The answer, Cohen says, is already available. It’s similar to the way the U.S. Secret Service identifies possible assassins and local police agencies weed out budding gang members.
The key, Cohen says, is to identify behavioral characteristics that indicate someone is growing radicalized. That may give community groups, faith organizations and law enforcement officers an opportunity to bring a would-be attacker back into the fold.
New Jersey officials say they have already begun working with community leaders.
(Al Della Fave, Director of Public Affairs Ocean County Prosecutor’s office, gives briefing on explosive device that went off in Seaside Park, from Sep 17, 2016. Courtesy of NJ .com and YouTube)
“We do that through our Interfaith Advisory Council, which consists of about 100 faith-based leaders from across the state. We meet with them quarterly in a large group and talk about issues of mutual concern,” Rodriguez said.
The director said the outreach had helped halt violence, but that “I can’t get into more detail than that.”
Some large cities have already taken on a more holistic approach to security.
In Boston, Los Angeles and Minneapolis, the Department of Homeland Security reported that local law enforcement officers have reached up to federal agencies and out to school, faith and community leaders to mentor young people and try to turn them away from extremist violence.
The Department of Homeland Security’s Urban Area Security Initiative provides grants to cities to implement “whole-community” security initiatives, according to the department’s website.
The Islamic State group, facing declining recruitment numbers and suffering casualties in the upper ranks, has retooled its propaganda effort, intelligence analyst Angie Gad said in a podcast from the Office of Homeland Security and Preparedness.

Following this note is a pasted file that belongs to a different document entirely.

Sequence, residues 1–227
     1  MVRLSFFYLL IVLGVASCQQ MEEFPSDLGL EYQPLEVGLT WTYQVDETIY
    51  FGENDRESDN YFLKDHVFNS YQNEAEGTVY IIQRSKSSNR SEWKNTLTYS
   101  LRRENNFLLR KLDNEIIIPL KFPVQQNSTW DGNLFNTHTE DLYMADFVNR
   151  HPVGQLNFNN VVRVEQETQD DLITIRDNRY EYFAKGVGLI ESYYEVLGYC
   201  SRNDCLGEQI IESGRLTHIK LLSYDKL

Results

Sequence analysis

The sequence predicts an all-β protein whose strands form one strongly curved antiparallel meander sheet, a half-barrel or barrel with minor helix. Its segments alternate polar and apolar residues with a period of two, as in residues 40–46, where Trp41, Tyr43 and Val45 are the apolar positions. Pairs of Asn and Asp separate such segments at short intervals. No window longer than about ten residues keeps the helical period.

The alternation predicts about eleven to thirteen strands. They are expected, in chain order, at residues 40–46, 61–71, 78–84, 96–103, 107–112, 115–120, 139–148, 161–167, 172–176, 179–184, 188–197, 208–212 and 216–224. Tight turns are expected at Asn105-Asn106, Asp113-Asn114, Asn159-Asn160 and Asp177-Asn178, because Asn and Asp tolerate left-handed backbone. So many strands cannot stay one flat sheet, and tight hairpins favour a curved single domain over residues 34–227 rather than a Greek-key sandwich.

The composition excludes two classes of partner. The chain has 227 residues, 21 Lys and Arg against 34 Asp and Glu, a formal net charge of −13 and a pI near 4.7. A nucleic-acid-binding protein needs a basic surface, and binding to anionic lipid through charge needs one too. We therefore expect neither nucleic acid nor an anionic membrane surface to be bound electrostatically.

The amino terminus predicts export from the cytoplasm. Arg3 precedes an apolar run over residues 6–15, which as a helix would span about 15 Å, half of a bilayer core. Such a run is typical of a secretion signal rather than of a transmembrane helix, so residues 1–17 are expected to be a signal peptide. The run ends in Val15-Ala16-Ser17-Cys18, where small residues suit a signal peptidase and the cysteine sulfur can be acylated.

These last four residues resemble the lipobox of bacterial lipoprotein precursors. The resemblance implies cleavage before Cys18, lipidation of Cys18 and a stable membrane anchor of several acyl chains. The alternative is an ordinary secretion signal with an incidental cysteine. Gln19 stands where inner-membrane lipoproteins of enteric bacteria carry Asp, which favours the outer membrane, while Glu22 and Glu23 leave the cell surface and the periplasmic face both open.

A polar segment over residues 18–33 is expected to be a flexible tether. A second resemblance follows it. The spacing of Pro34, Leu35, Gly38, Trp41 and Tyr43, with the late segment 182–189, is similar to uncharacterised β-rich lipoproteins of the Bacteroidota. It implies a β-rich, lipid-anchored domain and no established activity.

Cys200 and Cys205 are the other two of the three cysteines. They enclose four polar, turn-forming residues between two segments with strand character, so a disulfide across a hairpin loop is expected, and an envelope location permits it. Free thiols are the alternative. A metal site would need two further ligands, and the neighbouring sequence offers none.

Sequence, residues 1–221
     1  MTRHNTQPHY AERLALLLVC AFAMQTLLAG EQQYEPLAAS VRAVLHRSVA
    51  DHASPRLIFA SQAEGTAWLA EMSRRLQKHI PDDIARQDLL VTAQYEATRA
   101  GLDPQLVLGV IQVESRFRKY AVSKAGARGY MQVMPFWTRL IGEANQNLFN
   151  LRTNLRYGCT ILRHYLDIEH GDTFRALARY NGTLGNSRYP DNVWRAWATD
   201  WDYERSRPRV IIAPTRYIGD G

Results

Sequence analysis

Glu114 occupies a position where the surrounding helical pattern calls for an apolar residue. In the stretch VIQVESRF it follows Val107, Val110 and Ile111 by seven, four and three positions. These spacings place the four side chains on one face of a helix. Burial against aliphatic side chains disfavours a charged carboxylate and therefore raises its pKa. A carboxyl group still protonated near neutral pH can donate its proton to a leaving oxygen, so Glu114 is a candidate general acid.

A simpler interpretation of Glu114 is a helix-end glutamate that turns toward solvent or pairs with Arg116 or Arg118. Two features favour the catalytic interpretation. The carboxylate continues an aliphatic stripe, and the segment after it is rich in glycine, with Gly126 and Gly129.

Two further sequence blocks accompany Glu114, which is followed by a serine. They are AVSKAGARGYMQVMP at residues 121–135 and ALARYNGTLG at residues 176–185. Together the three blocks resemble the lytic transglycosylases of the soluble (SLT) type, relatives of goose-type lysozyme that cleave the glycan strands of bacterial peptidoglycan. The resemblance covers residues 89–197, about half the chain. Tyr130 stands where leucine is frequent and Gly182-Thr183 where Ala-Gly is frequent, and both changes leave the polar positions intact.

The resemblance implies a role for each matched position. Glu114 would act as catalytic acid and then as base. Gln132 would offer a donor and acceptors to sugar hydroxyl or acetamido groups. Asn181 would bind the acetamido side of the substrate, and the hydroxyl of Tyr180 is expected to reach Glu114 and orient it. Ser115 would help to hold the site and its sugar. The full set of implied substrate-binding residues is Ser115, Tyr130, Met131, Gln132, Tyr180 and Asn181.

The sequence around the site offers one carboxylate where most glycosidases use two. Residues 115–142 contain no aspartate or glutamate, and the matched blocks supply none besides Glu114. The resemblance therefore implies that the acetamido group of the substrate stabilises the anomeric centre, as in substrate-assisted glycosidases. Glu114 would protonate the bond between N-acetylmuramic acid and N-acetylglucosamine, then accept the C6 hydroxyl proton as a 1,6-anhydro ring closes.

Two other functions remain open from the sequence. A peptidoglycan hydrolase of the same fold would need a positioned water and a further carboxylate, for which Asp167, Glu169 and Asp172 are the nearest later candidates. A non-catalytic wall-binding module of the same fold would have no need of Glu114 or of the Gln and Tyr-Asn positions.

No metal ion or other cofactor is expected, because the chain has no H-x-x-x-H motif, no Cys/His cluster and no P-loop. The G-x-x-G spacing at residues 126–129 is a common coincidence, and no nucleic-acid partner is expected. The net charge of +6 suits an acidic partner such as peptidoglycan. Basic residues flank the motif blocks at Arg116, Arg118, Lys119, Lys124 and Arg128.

“They’re telling their fighters not to quit in the face of defeat,” Gad said. “They’re promising their fighters and their supporters an ultimate victory.”
With new rhetoric has come new instructions, too. Where they previously encouraged their supporters to “basically pick up any weapon” and hit a target, they have begun to specify types of knives and vehicles they believe attackers should use, Gad said.
Whether that propaganda is getting through to New Jerseyans is “law-enforcement sensitive,” Rodriguez said. “I wouldn’t be able to speak to that.”
He did say, however, that fewer and fewer Americans are traveling to Iraq and Syria.
“What could be happening is … people are fulfilling their radical jihadist ambitions in the U.S. or in Europe,” Rodriguez said. “They’re preferring to stay at home to conduct that type of terrorism.”
In Ocean County, the Board of Chosen Freeholders moved quickly to expand the purview of local law enforcement. Sheriff Michael Mastronardy said his office is bringing on two new K-9s and handlers.
Most of the security work has involved examining events that draw large crowds – what security officials call soft targets.
“We do some proactive analysis of the event, the type of event, what type of people will be there, et cetera,” Mastronardy said. “What we have is, post-Seaside Park, we get a lot of requests to do K-9 sweeps” before events.
And in any case, while Americans buying into extremist propaganda are ranked as the No. 1 threat to New Jersey, state security officials say that, nationwide, a more familiar culture clash is responsible for most terror attacks.
“Attacks attributed to race-based extremists increased from five in 2015 to 13 in 2016, with the majority attributed to white supremacists,” according to the 2017 terror outlook.
That accounts for 59 percent of all domestic terror attacks, “with the primary targets being law enforcement and minority groups.”
Year over year, terror attacks on cops and other authorities jumped from eight in 2015 to 12 in 2016, with fatalities going from zero to nine. Motives ranged from racism to anti-government sentiment, officials believe.
In July, for example, Micah Xavier Johnson killed five police officers in a Dallas sniper attack that ended when police killed Johnson. Authorities said he had specifically targeted white cops.
A rancorous presidential election and recent, highly publicized violent encounters between cops and civilians have inflamed tempers.
“Our country is hyper-polarized, and we’re polarized on political, racial grounds and we’ve seen several attacks in this country targeting police … where the people were motivated to commit an act of violence based on the rhetoric they were seeing out in the media, social media, by public officials,” Cohen said.
Still, he said, interdiction is possible, and is even already going on.
“It doesn’t take a lot of new resources,” Cohen said.
What it takes, he says, is “changing the way we think.”